Go, Jane! Ancient Wisdom and Modern Street Smarts for Dealing with Dicks

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Yeah, it usually comes in the form of a private message. I think it's those times when people are just alone and feeling vulnerable, reflecting on their own lives that they might need something like Big Talk. So, it's helped strengthen my conviction to keep going. Everyone's going to need to have a meaningful connection in their life in order to survive and get through. Kalina: You don't know where a conversation will lead and sometimes it led to things that I was not equipped to deal with like people sharing their deepest most innermost secrets or mental health issues.

I am no licensed psychologist or therapist, it really for me just started off as a story-telling project, journalism, making friends. So, those were the times where I just didn't know if what I was doing was right, if it was crossing a line that I wasn't ready to handle. Those are the times where I wondered if I should have done this. Because it had led to people who are just now relying on me for help and I don't even know what resources to point them to yet.


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Kalina: There's just so much beneath the surface, there's so many nuance experiences. I mean, I'll go on vacation with a friend and we'll talk about our favorite parts of the trip and they'll say things very simply like, "I like visiting this place and eating this food. Yeah, I haven't done anything with it because I It was just so taboo and random for me to just start writing a play about it but it was how I processed each encounter.

I mean, everyone thought I was a student when I was doing research at NUS or the modeling world, all that. I still felt very much like just Kalina from California and would come home and be talking to all my friends from home. I felt like I had two lives I was living at once but by sharing stories on either side I was able to still feel like I could be both. It was also when I had friends visit and then they met my friends in Singapore and then suddenly everything felt more real. Because there were times where I felt I was living this alien life and that it was really disconnected and it was in a dream.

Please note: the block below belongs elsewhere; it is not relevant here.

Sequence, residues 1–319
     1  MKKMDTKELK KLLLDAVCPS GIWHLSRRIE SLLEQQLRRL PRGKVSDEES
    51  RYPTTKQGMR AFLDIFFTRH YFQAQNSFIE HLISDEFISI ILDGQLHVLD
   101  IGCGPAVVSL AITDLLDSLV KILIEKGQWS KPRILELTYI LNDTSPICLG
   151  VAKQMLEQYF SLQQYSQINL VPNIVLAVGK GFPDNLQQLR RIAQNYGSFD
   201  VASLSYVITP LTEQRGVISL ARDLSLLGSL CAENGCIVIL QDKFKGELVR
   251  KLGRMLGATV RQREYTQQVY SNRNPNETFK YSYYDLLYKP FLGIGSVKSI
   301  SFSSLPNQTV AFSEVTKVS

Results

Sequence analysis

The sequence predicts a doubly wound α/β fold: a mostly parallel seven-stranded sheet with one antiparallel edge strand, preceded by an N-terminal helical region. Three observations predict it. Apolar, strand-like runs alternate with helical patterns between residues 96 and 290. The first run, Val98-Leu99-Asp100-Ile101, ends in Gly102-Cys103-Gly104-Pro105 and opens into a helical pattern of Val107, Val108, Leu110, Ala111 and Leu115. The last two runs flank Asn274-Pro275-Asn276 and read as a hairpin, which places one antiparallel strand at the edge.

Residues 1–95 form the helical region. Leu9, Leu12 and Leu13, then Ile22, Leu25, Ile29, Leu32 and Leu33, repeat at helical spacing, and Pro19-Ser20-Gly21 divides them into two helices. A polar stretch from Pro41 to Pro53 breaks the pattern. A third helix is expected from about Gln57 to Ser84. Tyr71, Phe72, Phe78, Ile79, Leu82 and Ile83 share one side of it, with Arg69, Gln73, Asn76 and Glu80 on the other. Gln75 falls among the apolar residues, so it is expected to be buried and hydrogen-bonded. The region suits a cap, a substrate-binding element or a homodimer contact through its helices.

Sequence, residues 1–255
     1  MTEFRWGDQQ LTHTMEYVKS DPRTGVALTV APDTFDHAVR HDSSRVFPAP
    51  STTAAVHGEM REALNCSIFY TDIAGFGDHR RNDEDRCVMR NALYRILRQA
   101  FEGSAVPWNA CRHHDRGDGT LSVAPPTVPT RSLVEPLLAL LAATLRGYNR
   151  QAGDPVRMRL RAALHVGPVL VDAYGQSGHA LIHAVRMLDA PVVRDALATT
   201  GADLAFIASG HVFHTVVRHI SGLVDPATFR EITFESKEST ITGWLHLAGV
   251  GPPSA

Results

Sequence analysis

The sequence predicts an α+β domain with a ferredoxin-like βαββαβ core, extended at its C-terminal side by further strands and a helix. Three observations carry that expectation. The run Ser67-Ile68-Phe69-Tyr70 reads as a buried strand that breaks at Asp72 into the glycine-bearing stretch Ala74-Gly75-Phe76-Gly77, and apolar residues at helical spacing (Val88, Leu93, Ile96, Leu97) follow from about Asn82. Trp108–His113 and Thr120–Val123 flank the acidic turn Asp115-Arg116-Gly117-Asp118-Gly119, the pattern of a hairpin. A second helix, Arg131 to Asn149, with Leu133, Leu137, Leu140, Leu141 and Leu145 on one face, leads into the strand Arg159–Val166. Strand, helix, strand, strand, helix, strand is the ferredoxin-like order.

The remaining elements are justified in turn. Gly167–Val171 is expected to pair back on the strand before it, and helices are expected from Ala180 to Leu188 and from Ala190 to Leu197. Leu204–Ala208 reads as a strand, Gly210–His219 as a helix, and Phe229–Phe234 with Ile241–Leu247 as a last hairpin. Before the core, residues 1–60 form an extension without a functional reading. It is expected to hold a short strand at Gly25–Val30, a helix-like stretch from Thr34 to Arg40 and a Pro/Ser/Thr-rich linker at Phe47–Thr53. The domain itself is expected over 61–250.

But once, people started meeting each other and connecting, that was really cool. Kalina: Despite Singapore being a small country, big city, it's fairly quiet and ordered but you would still hear the sounds of a city in a very kind of rhythmic ordered manner. You don't hear taxis or ambulances like you do constantly in New York, for example. Hear a mixture of languages because everyone in Singapore speaks English but also they speak Chinese, Malay. Smell a lot of yummy Asian food, sweet chili sauce, that was my favorite, I would drench everything in sweet chili sauce.

And feel really hot and sweaty unless you're in a really air-conditioned place which you could walk into anywhere. The feeling was very comfortable for the most part, you always felt safe and secure and like you knew what you were doing because everything ran on time. But I think because everything was so ordered and secure, I felt like I had more freedom to do things that were outside of the box because everything else was taken care of. So, I was able to experience so much within one year, I really felt like I lived three years in one year.

Kalina: There was one night, it was at the end of my Fulbright probably, maybe month eight or something like that that I went to Out dancing at this really cool Indy movie theater and they turned it into a live dancing venue. When I was there, I ran into 10 people I knew that I had met just over the past year and it was so cool to just go somewhere in the city and have friends from all over. It was one of the guys was in the artist collective I was in, someone else I had done a dance class with, someone else I had just met through mutual friends because they had moved from Hong Kong recently.

So, it was just really cool to see through that effort and sustained energy and friendship over eight months or so being in Singapore, I had a world there and that was just amazing and I wish my friends and family could have shared in that experience.